The cellular membrane is a crucial component for avoidance of pH stress, and tolerance may be related to structural modifications, either by changes in the lipid composition, or by allocating several proteins involved in transport of compounds to maintain the intracellular pH homeostasis. It is equally true that some genes involved in membrane composition and with a role in pH-stress defense can also contribute to the success of the symbiosis. Thus, when CIAT 899T is submitted to low pH conditions, an increase of ornithine lipids (OL) and their hydroxylation are observed in the outer membrane [28]. The gene coding for ornithine lipid biosynthesis, olsC, is present in the chromosomes of CFN 299T and CPAO 29.8 and, according to Rojas-Jiménez et al. [27], is responsible for the OL biosynthesis and for the addition of the hydroxyl group, suggesting a protective role to acid stress. Indeed, a CIAT 899T olsC mutant showed significant growth reduction at pH 4.5, as well as generated symbiotic defects, resulting in poor development of the nodules and a two-fold reduction in nitrogen fixation [28].

In CIAT 899T, the genes lipA and atvA were up-regulated when the bacterium was exposed to an experimental acid condition [29]. Among the CFN 299T and CPAO 29.8 genes, we found lipA, which is required for lysyl-phosphatidylglycerol biosynthesis, showing a relation with antimicrobial resistance and competitiveness [30], while atvA participates in the membrane lipids metabolism [29], both studied in CIAT 899T. Complex pleiotropic phenotypes were observed in CIAT 899T atvA auxotroph, including acid sensitivity [30]. However, the acid-sensitive mutants were not affected in competitiveness or nitrogen fixation capacity, but in contrast, the lipA CIAT 899T mutant exhibited a seven-fold reduction in competitiveness of nodulation in comparison to the wild type [29].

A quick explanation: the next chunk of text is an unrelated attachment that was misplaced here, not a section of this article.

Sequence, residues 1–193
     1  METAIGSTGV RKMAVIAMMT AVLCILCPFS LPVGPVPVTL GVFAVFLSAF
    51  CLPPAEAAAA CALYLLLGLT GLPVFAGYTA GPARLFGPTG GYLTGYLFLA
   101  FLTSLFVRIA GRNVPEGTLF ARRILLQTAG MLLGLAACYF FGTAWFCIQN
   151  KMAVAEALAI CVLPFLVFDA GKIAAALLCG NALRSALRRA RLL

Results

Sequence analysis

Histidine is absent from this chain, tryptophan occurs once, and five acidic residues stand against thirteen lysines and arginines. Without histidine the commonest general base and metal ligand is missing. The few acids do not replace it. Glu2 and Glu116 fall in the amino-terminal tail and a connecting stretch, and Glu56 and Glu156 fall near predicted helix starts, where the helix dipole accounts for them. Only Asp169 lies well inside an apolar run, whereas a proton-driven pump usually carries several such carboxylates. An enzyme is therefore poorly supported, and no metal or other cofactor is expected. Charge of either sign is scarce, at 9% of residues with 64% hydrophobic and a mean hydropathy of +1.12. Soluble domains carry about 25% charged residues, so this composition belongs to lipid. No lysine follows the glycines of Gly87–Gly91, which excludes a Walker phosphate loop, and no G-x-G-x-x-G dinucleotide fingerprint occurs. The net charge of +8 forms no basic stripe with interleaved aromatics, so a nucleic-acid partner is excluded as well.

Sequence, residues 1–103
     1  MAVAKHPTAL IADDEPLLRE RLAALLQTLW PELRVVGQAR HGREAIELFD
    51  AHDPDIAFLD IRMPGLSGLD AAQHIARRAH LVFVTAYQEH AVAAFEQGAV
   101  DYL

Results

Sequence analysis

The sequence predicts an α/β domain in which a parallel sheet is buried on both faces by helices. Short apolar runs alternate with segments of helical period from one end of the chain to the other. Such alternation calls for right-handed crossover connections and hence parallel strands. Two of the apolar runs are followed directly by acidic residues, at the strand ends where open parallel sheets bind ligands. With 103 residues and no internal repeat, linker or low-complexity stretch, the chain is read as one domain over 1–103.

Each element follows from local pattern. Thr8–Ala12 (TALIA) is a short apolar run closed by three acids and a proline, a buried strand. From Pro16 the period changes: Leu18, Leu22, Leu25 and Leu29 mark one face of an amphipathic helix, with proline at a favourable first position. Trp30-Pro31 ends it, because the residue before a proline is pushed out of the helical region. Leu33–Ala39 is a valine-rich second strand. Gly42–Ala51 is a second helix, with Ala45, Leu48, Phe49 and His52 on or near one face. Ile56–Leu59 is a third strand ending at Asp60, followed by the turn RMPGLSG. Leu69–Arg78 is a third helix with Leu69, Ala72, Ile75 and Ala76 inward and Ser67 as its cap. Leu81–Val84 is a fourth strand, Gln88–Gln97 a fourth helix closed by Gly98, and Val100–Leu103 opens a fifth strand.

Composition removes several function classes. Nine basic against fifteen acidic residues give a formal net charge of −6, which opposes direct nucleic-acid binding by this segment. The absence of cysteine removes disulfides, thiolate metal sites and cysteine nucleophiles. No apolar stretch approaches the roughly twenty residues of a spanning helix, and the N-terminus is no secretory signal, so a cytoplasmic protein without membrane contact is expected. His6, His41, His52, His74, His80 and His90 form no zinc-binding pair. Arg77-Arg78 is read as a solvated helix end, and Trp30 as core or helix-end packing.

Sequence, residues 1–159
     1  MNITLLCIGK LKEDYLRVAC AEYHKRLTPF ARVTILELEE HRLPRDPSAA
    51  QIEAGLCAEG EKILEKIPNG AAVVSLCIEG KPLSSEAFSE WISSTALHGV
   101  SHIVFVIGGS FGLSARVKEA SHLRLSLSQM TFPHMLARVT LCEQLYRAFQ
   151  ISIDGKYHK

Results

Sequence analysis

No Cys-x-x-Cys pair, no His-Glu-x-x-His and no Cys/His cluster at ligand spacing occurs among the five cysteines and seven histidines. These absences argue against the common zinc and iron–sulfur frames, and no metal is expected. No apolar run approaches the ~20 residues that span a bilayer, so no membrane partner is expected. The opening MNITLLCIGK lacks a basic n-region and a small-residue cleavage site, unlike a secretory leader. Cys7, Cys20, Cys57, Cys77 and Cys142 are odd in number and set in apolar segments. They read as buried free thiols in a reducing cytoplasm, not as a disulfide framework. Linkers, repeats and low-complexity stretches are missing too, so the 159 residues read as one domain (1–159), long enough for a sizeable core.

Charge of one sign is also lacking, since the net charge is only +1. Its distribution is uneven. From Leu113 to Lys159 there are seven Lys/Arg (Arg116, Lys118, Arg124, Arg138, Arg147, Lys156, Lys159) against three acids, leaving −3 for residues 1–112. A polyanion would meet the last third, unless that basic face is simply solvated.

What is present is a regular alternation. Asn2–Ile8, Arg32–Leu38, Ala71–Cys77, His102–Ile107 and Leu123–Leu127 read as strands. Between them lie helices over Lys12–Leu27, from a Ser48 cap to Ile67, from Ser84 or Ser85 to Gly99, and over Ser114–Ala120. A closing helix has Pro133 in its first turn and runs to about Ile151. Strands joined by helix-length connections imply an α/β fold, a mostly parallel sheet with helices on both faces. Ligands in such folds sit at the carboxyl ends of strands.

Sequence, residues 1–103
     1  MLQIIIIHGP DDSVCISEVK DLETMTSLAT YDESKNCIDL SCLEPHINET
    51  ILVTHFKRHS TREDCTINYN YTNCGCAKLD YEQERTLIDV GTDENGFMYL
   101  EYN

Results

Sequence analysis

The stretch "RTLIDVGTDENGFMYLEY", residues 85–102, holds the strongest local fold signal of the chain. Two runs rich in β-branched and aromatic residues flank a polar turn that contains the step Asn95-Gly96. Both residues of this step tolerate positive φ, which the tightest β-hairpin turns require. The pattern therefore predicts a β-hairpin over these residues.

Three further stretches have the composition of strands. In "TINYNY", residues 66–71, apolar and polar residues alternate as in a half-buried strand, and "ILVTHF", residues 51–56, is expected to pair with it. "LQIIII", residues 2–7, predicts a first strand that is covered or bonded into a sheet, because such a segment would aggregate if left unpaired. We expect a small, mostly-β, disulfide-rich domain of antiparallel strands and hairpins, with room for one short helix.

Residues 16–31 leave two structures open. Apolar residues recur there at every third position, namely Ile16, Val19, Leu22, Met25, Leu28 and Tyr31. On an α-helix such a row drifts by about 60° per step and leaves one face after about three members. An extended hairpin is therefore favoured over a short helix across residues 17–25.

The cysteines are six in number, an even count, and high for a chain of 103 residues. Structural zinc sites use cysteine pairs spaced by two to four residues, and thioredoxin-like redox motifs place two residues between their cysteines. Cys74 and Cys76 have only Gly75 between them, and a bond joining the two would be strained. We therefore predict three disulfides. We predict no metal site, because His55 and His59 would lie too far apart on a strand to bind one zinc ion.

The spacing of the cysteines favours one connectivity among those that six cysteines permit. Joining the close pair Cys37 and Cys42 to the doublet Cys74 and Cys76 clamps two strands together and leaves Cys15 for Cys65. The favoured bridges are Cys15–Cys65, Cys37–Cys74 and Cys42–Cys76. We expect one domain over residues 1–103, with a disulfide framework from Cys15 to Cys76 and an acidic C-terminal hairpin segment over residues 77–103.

High-temperature stress

Although the optimum growth temperature for most rhizobia ranges from 25 to 30 °C, outlier temperatures are often experienced at the rhizosphere, affecting both growth and saprophytic competence. Besides affecting survival in the free-living state, heat stress negatively affects molecular-signal exchange, root infection, nodulation and several steps of the nitrogen fixation process [9, 16, 17, 31], and one major feature of R. leucaenae and R. tropici is their superior symbiotic performance under high temperature conditions in comparison to species that do not belong to the “R. tropici group” (Additional file 3: Table S3).

The ability of R. leucaenae to grow at high temperature (37 °C) [6] might be related to several genes that were identified in CFN 299T and CPAO 29.8 genomes. In the closely related species R. freirei PRF 81T, Gomes et al. [32] identified 54 proteins in response to heat stress, 38 of which were now recognized in R. leucaenae. This set of genes comprises the molecular bases of temperature-stress responses, being responsible for rapid physiological changes, and many of them are under the transcription control of the RpoH alternative sigma factor [33].